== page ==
New evidence on the durability of social norms

John Helliwell, Shun Wang, Jinwen Xu, 12 March 2014

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Recent studies find that individuals’ social norms – as evidenced by their opinions and behaviour – can be transmitted from one generation to the next within the same cultural setting (Algan and Cahuc 2010, Bjørnskov 2012, Dohmen et al. 2012, Guiso et al. 2006, Rainer and Siedler 2009, Rice and Feldman 1997).

Topics: Frontiers of economic research, Migration
Tags: Culture, immigration, institutions, migration, social attitudes, social norms, trust

Unemployment, labour-market flexibility and IMF advice: Moving beyond mantras

Olivier Blanchard, Florence Jaumotte, Prakash Loungani, 18 October 2013

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Growth in advanced economies is gaining some speed. The IMF projects these economies will grow 2% next year, up from an expected 1.2% this year. The average unemployment rate in advanced economies is expected to inch down from its peak of 8.3% in 2010 to 8% next year. This is progress, but it is clearly not enough. The state of labour markets remains dismal for a number of reasons.

Topics: Labour markets, Welfare state and social Europe
Tags: collective bargaining, EZ crisis, IMF, institutions, labour-market flexibility, trust, unemployment, Unemployment insurance

National institutions and subnational development in Africa

Stelios Michalopoulos, Elias Papaioannou, 11 October 2013

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Few issues have received more inquiry in the social sciences than "what are the fundamental determinants of comparative development?" The institutional view asserts that the ultimate causes of underdevelopment are poorly performing institutional structures, such as lack of constraints on the executive, poor property-rights protection, as well as inefficient legal and court systems (s

Topics: Development, Economic history, Institutions and economics
Tags: Africa, Culture, institutions, politics and economics

Finding his own way: Ronald Coase (1910-2013)

Steven Medema, 18 September 2013

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Ronald Coase, who passed away last week at the age of 102, left an indelible mark on both economics and law. In 1991 he was awarded the Nobel Memorial Prize in Economic Sciences in recognition of his work on transaction costs and property rights.

Topics: Institutions and economics
Tags: case studies, history of economic thought, institutions, methodology, transaction costs

Unleashing growth: The decline of innovation-blocking institutions

Klaus Desmet, Stephen L. Parente, 18 May 2013

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Two hundred years ago, during the Napoleonic Wars, the Luddite movement rocked the English industrial landscape. Dissatisfied with falling wages and increased competition from mills employing cheap rural labour, the Luddites broke into factories at night, smashing spinning frames and power looms.

Topics: Economic history, Productivity and Innovation
Tags: growth, guilds, institutions

What explains political institutions? Evidence from colonial British America

Elena Nikolova, 17 August 2012

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Under what circumstances do democratic as opposed to authoritarian institutions emerge? Although a large literature has tackled this question (see Acemoglu et al. 2001, Acemoglu and Robinson 2012, Engerman and Sokoloff 2000), we still have an imperfect knowledge of how representative institutions originate and change.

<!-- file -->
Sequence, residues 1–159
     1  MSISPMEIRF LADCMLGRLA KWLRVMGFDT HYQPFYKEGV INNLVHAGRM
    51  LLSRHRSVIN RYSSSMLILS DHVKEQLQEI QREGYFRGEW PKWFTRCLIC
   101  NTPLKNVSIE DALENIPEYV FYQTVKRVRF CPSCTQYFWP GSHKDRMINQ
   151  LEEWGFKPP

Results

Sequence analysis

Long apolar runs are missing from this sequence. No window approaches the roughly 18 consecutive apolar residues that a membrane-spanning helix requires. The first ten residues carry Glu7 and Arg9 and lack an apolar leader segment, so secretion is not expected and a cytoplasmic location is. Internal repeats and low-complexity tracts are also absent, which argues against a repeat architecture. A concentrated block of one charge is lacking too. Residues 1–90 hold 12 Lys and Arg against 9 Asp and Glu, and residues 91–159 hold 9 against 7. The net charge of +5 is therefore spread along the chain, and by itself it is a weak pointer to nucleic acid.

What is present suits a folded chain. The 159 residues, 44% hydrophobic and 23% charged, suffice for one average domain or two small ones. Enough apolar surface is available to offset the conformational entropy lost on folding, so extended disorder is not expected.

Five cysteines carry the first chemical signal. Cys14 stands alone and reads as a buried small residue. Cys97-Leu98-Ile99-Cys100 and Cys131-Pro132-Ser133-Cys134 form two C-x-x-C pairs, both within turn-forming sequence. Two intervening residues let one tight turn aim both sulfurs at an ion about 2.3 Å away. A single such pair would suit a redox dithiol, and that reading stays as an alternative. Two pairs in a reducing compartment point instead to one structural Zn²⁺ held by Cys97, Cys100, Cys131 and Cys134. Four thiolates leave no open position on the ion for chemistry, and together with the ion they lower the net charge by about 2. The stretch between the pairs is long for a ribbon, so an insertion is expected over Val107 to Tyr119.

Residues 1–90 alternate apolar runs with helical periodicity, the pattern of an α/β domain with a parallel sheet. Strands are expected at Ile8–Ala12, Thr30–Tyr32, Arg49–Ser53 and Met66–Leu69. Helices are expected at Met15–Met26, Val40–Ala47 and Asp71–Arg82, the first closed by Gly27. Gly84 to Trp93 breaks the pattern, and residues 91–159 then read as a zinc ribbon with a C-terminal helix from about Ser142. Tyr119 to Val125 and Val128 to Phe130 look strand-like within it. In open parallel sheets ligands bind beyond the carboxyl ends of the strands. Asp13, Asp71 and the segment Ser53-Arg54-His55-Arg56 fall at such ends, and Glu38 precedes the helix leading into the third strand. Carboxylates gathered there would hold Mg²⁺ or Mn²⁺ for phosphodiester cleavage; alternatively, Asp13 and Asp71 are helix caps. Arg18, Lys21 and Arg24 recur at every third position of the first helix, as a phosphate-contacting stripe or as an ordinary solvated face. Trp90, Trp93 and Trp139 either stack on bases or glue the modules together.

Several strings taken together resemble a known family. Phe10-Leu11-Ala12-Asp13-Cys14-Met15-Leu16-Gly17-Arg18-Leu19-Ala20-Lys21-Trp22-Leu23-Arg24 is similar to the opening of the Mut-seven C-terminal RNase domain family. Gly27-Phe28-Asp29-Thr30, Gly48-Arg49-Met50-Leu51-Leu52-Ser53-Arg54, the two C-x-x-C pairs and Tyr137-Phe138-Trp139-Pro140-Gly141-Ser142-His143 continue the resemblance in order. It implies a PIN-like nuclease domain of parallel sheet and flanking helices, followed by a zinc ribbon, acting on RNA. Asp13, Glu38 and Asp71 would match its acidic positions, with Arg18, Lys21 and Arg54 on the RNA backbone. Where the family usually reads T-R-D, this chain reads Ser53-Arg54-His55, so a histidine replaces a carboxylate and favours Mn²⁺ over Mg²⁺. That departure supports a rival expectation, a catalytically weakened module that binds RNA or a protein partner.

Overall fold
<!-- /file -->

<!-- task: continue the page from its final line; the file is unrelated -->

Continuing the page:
Topics: Labour markets, Politics and economics
Tags: colonisation, democracy, economic history, institutions, US

De Jure and de Facto Determinants of Power: Evidence from Mississippi

Graziella Bertocchi, Arcangelo Dimico, 22 July 2012

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Journalists are entitled to free DP downloads on request; please contact pressoffice@cepr.org. To learn more about subscribing to CEPR's Discussion Paper Series, please visit the CEPR website.

URL: www.cepr.org/pubs/dps/DP9064.asp
Topics: Politics and economics
Tags: education, institutions, race, voting restrictions

Power sharing and institutional stability

Bernardo Guimaraes, Kevin D Sheedy, 5 July 2012

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Economic activity is influenced by institutions that determine the rules prevailing in a society. Examples include how much income is taxed; what firms can and cannot do; whether contracts are enforced and disputes quickly and correctly resolved; and limits on the arbitrary exercise of government power.

Topics: Development, Institutions and economics, Politics and economics
Tags: development, institutions, power, rents

Interest groups and government capabilities matter for financial development

Eduardo Cavallo, Carlos Scartascini, 12 May 2012

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The debate on the benefits and limits of financial development has come to the fore with the global financial crisis. The fact that the epicentre of the global financial crisis was in countries with developed credit markets has led some commentators to argue that financial development may have gone too far.

Topics: Development, International finance, Politics and economics
Tags: developing countries, emerging markets, financial development, institutions

Public-debt crises and bad equilibria: Lessons from the GIIPS Countries

Maurizio Bovi, 2 December 2011

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All the GIIPS countries (Greece, Italy, Ireland, Portugal and Spain) have been hit by the current government debt crisis (see eg Manasse and Trigilia 2011).

Topics: Institutions and economics
Tags: institutions, public debt, tax evasion

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